By Elliot Kukla
Yesterday, the sun did not rise in my Bay Area home. My toddler who usually wakes at dawn, slept until 9am and woke up confused, pointing to a dark umber colored sky, obliterated by clouds of smoke from wildfires billowing all over the West Coast. Even the hummingbirds and bees in my backyard were disoriented.
This fall, we are not approaching an ordinary New Year. I will celebrate Rosh Hashanah in my living room, connected by video conference technology to my community, as California burns, hurricanes threaten the southeast, and the entire country faces a lethal virus. Everything is changing. We can no longer even depend on the sky to be blue.
We have all faced so much loss in the year that passed, but have we taken time to grieve?
Some of the losses of the past year have been obvious and clear: Precious people have died, countless homes and habitats have burnt down, and jobs have been lost. Other losses are more amorphous. We don’t know yet what we will get back of the world of 2019: Will our kids ever get to play freely again? Will we have predictable seasons in the future?
I am a rabbi who offers spiritual care for grieving and dying. I have learned from my clients that grief is essential; without naming the loss we are unable to draw together and comfort each other and we remain isolated in our suffering. There is a cavernous absence of public grieving for the momentous losses we all are facing in 2020.
Just consider the scale of resources given to grieving the 3,000 lives lost in 9/11, versus the 190,000 people (and counting) who have died in the COVID-19 pandemic in this country. Where are the large national memorial services, the plans for monuments, the presidential condolence visits? Much of this disparity is linked to who is dying (at least in the public imagination), and the prevailing belief that “only” old, sick, and disabled people die of COVID-19.
Mourning is humanizing, and its absence cracks open the door to atrocities.
My Jewish ancestors were snatched off the street by SS officers and buried in mass graves; my queer ancestors were denied funerals out of fear and bigotry as they died of AIDS. My disabled ancestors were warehoused in institutions, and often buried without names on their graves. My trans ancestors are left murdered in alleys, their cases growing cold, as I write this.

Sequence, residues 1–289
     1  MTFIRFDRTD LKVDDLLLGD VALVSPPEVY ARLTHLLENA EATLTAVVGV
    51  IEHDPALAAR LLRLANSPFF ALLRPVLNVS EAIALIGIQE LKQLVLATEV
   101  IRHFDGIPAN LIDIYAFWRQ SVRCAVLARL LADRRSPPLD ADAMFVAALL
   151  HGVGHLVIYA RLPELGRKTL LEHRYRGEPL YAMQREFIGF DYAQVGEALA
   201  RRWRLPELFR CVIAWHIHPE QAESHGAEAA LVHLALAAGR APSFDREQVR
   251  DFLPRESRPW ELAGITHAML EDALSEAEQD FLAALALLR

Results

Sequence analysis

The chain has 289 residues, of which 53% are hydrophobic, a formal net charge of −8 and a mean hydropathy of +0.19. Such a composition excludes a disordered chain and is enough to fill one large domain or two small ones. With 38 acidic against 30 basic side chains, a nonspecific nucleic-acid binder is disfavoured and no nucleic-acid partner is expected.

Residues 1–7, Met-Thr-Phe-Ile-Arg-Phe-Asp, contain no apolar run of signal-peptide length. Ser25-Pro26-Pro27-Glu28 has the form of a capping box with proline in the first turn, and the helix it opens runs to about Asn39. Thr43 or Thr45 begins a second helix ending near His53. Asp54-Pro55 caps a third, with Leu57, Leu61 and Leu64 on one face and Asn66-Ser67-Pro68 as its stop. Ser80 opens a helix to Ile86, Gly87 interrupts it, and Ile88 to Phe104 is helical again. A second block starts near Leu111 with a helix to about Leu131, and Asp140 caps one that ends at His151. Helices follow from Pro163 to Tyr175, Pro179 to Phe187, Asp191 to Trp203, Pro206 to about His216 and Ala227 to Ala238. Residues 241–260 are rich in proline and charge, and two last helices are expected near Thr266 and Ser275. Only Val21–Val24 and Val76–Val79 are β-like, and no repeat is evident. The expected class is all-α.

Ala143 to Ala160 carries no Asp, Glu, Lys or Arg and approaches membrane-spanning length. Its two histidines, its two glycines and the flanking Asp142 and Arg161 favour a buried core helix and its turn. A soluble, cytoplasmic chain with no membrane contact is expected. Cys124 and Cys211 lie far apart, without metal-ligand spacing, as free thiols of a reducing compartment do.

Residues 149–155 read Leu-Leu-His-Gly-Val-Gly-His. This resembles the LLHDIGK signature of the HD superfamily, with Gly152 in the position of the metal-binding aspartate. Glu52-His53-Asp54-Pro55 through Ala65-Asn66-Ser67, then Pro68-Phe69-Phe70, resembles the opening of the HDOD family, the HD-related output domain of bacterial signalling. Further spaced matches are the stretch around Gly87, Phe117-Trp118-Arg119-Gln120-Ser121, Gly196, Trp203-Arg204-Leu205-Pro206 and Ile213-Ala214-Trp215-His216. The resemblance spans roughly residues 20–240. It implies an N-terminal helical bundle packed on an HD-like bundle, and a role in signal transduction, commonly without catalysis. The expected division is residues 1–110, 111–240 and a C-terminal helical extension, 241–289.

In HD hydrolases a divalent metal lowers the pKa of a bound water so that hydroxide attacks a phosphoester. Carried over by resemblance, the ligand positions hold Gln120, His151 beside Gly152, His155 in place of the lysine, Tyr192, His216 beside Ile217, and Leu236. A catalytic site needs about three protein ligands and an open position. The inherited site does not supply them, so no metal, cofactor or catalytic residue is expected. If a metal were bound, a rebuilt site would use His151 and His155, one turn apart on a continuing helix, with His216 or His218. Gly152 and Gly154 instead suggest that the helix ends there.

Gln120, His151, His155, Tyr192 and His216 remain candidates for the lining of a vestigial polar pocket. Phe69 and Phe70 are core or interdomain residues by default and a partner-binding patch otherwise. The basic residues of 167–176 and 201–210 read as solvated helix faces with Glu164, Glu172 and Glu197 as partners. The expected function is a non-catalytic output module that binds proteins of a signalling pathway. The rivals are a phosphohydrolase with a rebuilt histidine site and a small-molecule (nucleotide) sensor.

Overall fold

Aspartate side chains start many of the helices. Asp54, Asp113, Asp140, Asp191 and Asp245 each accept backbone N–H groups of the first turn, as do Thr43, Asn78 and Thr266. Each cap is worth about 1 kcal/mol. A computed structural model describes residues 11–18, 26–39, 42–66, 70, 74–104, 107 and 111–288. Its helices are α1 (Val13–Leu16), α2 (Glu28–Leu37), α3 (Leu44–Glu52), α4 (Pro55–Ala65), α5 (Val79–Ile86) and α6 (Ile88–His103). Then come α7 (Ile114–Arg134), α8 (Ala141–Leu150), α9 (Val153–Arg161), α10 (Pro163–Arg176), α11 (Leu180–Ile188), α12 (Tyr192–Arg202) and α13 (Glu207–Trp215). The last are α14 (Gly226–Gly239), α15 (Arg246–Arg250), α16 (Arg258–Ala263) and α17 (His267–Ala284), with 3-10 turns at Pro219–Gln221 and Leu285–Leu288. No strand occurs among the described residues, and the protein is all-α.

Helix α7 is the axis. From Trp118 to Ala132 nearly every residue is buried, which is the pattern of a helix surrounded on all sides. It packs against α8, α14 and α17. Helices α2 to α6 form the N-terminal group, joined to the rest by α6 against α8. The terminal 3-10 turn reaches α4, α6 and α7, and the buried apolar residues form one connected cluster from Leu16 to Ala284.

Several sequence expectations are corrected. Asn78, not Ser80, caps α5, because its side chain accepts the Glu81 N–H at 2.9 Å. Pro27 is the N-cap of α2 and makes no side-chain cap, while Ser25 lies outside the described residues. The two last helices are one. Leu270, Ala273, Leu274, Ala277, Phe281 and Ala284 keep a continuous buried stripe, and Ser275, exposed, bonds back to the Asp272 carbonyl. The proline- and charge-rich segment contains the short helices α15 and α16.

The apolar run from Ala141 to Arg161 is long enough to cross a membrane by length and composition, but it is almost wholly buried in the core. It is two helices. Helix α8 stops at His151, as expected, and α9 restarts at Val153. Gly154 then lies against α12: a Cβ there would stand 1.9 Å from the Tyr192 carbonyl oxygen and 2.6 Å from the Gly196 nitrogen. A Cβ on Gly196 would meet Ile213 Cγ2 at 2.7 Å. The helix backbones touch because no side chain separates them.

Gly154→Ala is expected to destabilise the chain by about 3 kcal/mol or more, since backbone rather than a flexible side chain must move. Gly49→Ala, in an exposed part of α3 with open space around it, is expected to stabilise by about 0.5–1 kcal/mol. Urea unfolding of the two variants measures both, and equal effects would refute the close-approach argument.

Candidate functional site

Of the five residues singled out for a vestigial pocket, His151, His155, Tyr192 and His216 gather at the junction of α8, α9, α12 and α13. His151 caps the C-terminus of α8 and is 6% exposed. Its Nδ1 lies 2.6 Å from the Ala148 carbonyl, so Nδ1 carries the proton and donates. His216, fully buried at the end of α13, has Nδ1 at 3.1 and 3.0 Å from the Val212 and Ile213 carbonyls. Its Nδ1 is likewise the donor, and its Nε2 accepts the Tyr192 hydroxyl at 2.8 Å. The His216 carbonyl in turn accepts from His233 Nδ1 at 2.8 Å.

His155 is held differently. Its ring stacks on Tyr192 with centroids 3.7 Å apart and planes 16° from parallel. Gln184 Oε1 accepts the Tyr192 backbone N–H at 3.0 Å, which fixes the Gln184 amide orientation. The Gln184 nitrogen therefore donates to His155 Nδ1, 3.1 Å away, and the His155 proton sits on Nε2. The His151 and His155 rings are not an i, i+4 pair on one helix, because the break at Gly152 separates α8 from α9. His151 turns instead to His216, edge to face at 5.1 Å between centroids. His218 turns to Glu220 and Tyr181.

Despite this lack of official lamentation, they found ways to mourn and be mourned by each other. Grief has always been a way for disenfranchised people to claim our value.
After surviving the Holocaust in Belgium, my great-grandmother Rivka moved to England. Before she died, she took my father out to the coal heap behind their home: “Swear on this mountain,” she said to him, “that you will mourn for me.” To this day, I feel bound by this oath made by my nine-year-old father long before I was born, to grieve for this woman I never met, whose face looks so much like mine.
My friend, Stacey Park Milbern, died on May 19th, 2020, her 33rd birthday. She did not die from COVID-19, but from battling for care in the beleaguered medical system as a disabled activist and a person of color in an era of pandemic. I attended her funeral from my living room. I picked white geraniums and purple thyme from my garden and held my partner close. The internet was flooded with what Stacey taught us.
Disabled activist Alice Wong wrote an obituary on loving Stacey and the radical world of love and care she had built. Wong’s post was filled with Stacey’s own words on her legacy: “I do not know a lot about spirituality or what happens when we die, but my crip queer Korean life makes me believe that our earthly bodyminds is but a fraction, and not considering our ancestors is electing only to see a glimpse of who we are.”
Reading Stacey’s words and Wong’s tribute, I felt my own sense of self-love as a disabled person, restored by mourning for Stacey, at the same time as aching against the unfairness of it all.
Rosh Hashanah is the beginning of the new year, but it is also a time to say good-bye to the year that past. Our ancestors, like us, lived in times of chaos and change. Tears are a central High Holy Day theme. All the traditional Torah and Haftarah readings for Rosh HaShana speak of weeping.
The Shofar itself is a symbol of tears. Our sages teach that the ram’s horn we blow on Rosh Hashanah must be kakuf (bent) to reflect our own bodies bent over in grief; while shevarim (the broken blasts of the shofar) are meant to echo the sound of our own tears, they are always surrounded by tekiah (whole sounds). This teaches us that even though our heart has been broken it has the capacity to be whole again and, in fact, more complete for having encompassed brokenness.
Grief is transformative: When we name the immensity of loss, we also claim the depth of our capacity for love.
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